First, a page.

Wednesday, September 21, 2016
An Imperfect Saint: A review of St. Vincent
One of my favorite things about the Catholic Church is the Communion of Saints. I love being able to ask my grandparents to pray for me. Over the years, I also feel like I have made best friends with some of our brothers and sisters in heaven: St. Therese of Liseux, Sts. Zeilie and Louise Martin, St. Lucy, St. Monica, St. Francis, and St. John Paul II. It's so great having advocates in heaven cheering us on and interceding on our behalf. The Communion of Saints seems also to be one of the many misunderstood teachings of the Church, and the film St. Vincent is one of the films that demonstrates one of those misunderstandings.
St. Vincent is actually a really great film. Melissa McCarthy (Maggie) and Bill Murray (Vincent) are an unlikely duo in this film yet they bring a perfect balance of comedy and drama. This is one of those films that really doesn't fit into either genre perfectly. The film is about a struggling newly divorced mom whose son finds an unlikely mentor in their new drunken, gambling neighbor. As the boy learns more about his neighbor who can truly be described as a diamond in the rough, their relationship along with that between him and his mother are thrown into turmoil. The story culminates in the "Saints Among Us" presentation where at a school-wide assembly where Oliver and his classmates present someone in their lives who is similar to a canonized saint. Oliver's presentation is truly touching and brings the film together in a way that I was not expecting.
Because I'm Catholic, I'm pretty picky about details in movies about Catholics. My friend and I were at a student film festival and there was a story about a Catholic priest prior to Vatican II. I sat there pointing out to my friend, who was not Catholic by the way, the little details that were not accurate to the period the film takes place. Now, I am of the belief that a writer, director, and producer should do their research before making a film no matter the subject matter. Never assume you know enough to write about it. My biggest issue with the film was not that this sinful man was considered a saint by a young boy but the film's description of what a saint is. Oliver's teacher, a Catholic priest, describes a saint as someone who devotes themselves to make the lives of other people around them better. While this description is not inaccurate, it is incomplete. The only saint really talked about is St. Teresa of Calcutta. She's not a saint because of her good works but because of her undying love and devotion to God. Throughout the entire movie, while Catholicism places a central role in the story, God is never mentioned. Okay, he's mentioned once when the priest makes Oliver lead class prayer. It makes me really sad because this movie could have been great, amazing even if God played a bigger role in the movie. Our good works mean NOTHING if God is not at the heart of it. Like I said, calling this sinful man a saint is not wrong; the presentation scene actually was really heartwarming and touching.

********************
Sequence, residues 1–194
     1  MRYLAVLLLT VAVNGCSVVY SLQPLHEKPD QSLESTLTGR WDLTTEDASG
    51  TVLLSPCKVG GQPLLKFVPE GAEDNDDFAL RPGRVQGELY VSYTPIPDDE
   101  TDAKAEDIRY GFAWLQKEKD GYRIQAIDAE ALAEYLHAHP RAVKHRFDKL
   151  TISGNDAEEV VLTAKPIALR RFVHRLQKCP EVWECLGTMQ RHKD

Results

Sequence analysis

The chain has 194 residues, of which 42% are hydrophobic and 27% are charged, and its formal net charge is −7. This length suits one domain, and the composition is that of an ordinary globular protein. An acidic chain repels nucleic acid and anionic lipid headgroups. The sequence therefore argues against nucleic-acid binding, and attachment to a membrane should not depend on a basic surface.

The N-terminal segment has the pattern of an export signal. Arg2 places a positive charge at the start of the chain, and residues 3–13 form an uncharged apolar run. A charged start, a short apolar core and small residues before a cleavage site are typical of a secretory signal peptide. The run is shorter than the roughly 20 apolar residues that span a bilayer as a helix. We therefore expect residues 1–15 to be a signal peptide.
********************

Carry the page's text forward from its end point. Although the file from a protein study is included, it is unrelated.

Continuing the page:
This movie really is worth watching. I absolutely love it. I just feel disappointed when a movie doesn't live up to it's potential. I have to note, this is one of Melissa McCarthy's best roles. She has the best line in the movie, and I'm convinced she came up with it because it was unexpected, hilarious, and only could have been written by a woman. I highly recommend the movie. The Communion of Saints is so mysterious because we don't know who all is up there. God's mercy is deeper than the ocean, and we have no idea who opens themselves up to receive it. That means we have no idea whose up there praying for us and waiting to greet us when we join them in heaven.